Kentucky Pioneers

Home of 8 Genealogy Websites.
Alabama, Georgia, Kentucky,
North Carolina, South Carolina,
Tennessee, Virginia

Knox County Probate Records Available to Members

Tax Digests

1816 Tax List
1826 Delinquent Tax Returns
1800 Quarter Sessions Court

Adair Family

Genealogy Detectives
By Jeannette Holland Austin

If you are a genealogist, you are also a detective, analytical, curious, a hoarder of old photos and things, and unique thinker. And over the years, you have developed a keen memory of time, places, and dates. Unresolved facts bother you, like " where was he in 1850?" You see, the puzzle is yet incomplete. History and political events tie into your queries. After a study of census records dating from 1790 to 1940, your curiosity leads you to courthouses where every conceivability exists. Especially, old wills, estates, and marriages, which is just a start. Tax digests, deeds, minutes, inventories, sales, divisions, administrations, guardianships, and the like are next, and so on. An easy beginning is to search the wills of Kentucky Pioneers.
The Scotch-Irish in Kentucky

Bozeman AdairThere was a slew of Scotch-Irish settlers who migrated from Antrim, Ireland to America during the mid 18th century. One such young man was John Adair who came in 1772 when he was eighteen years of age. Although tracing the voyages of the Irish is difficult, most emigrants departed the port at Antrim and landed in Pennsylvania where they joined other Irishmen in Bucks or Berks County. The many civil conflicts in the British isles virtually destroyed all ancient records. The family of John Adair temporarily settled in Baltimore before removing to Pennsylvania. He must have been with a group moving together, because shortly thereafter the family was in Sullivan County, North Carolina, removing Knox County in 1791 and Wayne County, Kentucky in 1804. The boundary North Carolina, Virginia, and Kentucky boundary lines changed and Sullivan County, North Carolina became Sullivan County, Tennessee. The records show that several branches of the Adair family were moving into South Carolina and Georgia as well. They were Scotch-Irish in appearance, with reddish hair and beards.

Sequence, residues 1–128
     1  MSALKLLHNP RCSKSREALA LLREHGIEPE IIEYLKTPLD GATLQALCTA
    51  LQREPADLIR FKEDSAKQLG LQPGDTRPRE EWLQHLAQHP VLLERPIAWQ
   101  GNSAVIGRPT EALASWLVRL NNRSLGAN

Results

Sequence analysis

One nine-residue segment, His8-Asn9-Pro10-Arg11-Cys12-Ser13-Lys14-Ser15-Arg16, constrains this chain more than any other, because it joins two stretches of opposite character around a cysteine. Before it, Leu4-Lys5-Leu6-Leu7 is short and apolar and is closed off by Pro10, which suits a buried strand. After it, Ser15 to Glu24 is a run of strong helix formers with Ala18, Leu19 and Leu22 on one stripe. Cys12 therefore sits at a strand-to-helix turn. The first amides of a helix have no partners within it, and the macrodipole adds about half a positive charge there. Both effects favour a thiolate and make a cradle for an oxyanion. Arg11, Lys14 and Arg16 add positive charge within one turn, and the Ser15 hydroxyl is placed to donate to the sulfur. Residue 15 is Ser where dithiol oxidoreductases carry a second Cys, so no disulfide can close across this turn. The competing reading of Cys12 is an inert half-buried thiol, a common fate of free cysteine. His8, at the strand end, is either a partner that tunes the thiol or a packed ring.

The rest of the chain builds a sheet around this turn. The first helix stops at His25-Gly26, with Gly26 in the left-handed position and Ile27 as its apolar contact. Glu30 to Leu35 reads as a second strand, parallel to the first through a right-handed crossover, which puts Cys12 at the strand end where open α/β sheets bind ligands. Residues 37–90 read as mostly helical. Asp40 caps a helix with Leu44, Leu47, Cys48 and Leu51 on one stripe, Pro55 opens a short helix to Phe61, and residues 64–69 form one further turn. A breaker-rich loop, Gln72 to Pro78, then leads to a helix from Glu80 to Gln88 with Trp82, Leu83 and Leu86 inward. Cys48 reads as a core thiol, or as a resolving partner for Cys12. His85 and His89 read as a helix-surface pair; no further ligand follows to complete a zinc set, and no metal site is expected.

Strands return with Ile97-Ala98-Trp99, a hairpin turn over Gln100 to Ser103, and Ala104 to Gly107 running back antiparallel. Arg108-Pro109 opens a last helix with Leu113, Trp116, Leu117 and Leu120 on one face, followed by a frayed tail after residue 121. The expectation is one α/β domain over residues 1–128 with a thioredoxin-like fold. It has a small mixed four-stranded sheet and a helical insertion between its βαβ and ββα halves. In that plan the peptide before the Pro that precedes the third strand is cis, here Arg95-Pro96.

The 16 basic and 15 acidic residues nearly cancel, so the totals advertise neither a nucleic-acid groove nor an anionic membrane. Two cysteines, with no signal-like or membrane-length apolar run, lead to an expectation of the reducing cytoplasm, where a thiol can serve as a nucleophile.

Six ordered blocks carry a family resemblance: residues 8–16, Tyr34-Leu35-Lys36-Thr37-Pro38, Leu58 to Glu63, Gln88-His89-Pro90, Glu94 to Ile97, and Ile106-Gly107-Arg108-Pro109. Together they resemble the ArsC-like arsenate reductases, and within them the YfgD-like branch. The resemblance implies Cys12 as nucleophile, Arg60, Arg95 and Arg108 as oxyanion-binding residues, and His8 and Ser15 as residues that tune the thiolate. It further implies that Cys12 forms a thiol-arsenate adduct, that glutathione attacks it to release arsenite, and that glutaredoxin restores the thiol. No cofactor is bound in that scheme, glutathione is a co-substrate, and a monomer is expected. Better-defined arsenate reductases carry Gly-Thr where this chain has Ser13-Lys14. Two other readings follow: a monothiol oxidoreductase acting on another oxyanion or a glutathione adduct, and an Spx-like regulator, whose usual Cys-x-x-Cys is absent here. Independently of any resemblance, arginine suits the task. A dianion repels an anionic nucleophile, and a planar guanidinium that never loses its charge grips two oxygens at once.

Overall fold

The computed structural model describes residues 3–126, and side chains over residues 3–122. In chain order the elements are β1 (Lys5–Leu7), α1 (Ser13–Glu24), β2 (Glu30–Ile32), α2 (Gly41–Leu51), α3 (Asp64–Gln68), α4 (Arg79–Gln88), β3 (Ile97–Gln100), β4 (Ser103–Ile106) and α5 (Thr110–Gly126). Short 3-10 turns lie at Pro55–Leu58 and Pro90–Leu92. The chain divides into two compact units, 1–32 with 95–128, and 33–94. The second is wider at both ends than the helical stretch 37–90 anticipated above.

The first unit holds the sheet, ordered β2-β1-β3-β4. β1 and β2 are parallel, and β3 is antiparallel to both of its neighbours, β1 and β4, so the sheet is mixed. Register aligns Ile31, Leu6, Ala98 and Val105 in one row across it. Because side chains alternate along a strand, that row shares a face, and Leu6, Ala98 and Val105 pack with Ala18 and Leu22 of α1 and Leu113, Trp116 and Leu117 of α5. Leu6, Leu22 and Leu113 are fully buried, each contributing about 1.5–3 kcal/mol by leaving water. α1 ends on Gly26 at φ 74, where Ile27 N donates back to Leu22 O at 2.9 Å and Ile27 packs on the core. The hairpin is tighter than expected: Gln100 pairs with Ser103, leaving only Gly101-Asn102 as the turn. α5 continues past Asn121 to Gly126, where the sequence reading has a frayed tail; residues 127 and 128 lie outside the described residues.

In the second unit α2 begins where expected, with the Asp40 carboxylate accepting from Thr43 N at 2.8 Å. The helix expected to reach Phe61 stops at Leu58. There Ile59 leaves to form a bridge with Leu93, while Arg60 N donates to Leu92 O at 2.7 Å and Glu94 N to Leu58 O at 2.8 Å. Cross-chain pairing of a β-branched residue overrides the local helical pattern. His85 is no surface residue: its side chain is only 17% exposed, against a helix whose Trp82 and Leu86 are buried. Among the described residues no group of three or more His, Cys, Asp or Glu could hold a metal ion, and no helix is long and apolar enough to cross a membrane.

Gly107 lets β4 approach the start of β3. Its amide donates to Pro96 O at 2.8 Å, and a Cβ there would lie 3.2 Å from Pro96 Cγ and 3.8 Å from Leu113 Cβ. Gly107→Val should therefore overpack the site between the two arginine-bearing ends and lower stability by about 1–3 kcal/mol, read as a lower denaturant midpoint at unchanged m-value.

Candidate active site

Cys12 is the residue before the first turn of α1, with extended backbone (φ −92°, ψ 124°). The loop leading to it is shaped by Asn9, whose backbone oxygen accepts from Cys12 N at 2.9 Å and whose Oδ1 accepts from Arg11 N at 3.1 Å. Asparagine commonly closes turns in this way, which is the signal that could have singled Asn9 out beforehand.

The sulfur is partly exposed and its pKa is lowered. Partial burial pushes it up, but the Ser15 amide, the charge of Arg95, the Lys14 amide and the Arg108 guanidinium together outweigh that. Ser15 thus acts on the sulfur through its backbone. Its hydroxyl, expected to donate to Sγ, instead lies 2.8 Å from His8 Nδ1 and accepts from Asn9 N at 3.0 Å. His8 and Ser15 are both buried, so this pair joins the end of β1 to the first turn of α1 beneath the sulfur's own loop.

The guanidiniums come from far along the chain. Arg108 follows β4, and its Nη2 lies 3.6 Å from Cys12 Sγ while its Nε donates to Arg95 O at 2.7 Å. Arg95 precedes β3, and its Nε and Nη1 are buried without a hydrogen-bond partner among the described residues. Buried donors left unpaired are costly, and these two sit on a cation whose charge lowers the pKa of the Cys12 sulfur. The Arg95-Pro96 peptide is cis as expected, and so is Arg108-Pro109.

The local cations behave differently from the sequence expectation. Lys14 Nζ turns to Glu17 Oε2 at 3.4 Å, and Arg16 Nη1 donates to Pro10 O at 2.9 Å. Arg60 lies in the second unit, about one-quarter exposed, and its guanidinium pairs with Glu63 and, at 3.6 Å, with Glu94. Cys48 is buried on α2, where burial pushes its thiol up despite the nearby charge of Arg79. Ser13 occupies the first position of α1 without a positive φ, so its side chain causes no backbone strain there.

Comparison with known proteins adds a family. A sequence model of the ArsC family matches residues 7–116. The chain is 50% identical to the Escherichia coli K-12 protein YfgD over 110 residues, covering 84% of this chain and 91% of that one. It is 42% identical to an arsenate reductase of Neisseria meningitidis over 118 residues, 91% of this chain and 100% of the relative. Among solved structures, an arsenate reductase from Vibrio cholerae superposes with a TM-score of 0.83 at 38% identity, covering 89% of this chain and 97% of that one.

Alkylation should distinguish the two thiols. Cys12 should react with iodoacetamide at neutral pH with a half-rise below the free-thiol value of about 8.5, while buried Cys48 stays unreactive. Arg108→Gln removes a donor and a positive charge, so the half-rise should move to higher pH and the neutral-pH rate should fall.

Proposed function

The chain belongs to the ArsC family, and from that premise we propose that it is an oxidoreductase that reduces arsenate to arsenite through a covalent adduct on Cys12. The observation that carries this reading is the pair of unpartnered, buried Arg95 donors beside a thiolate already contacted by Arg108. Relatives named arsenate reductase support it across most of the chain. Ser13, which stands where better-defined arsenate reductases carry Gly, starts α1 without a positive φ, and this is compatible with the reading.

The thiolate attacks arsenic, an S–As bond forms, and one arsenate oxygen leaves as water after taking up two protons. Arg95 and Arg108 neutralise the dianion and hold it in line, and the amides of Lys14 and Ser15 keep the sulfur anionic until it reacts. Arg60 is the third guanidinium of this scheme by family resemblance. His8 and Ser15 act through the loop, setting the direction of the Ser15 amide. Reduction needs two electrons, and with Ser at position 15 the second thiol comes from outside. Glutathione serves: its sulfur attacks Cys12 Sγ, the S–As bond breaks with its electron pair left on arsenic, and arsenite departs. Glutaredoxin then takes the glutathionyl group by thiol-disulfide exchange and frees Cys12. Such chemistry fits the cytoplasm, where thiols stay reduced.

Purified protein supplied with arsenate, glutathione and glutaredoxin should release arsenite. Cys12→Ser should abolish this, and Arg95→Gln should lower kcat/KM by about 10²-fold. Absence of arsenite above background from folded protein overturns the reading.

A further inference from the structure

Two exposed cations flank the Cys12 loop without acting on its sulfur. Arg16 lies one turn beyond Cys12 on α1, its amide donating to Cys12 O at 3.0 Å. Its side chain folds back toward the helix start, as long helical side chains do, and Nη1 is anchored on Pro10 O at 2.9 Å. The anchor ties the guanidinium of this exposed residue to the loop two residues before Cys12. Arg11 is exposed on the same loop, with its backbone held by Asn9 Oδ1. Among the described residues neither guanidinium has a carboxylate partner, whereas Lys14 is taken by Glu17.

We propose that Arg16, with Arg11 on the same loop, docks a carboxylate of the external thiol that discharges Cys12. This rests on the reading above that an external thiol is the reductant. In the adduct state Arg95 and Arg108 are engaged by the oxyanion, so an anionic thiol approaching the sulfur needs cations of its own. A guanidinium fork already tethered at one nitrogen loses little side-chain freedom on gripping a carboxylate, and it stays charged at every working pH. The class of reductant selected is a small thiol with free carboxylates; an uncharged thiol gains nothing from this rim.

land near Barboursville, Kentucky

Knox County Tax Digests and Quarter Session Records

Knox County was formed on December 19, 1799, from portions of Lincoln County and was named for General Henry Knox, also appointed Secretary of War during the War Between the States.

Clues you can take from how they named their children

17th century shoes

Yesterday Newsletter

. . . . Featuring stories of the past that you will treasure!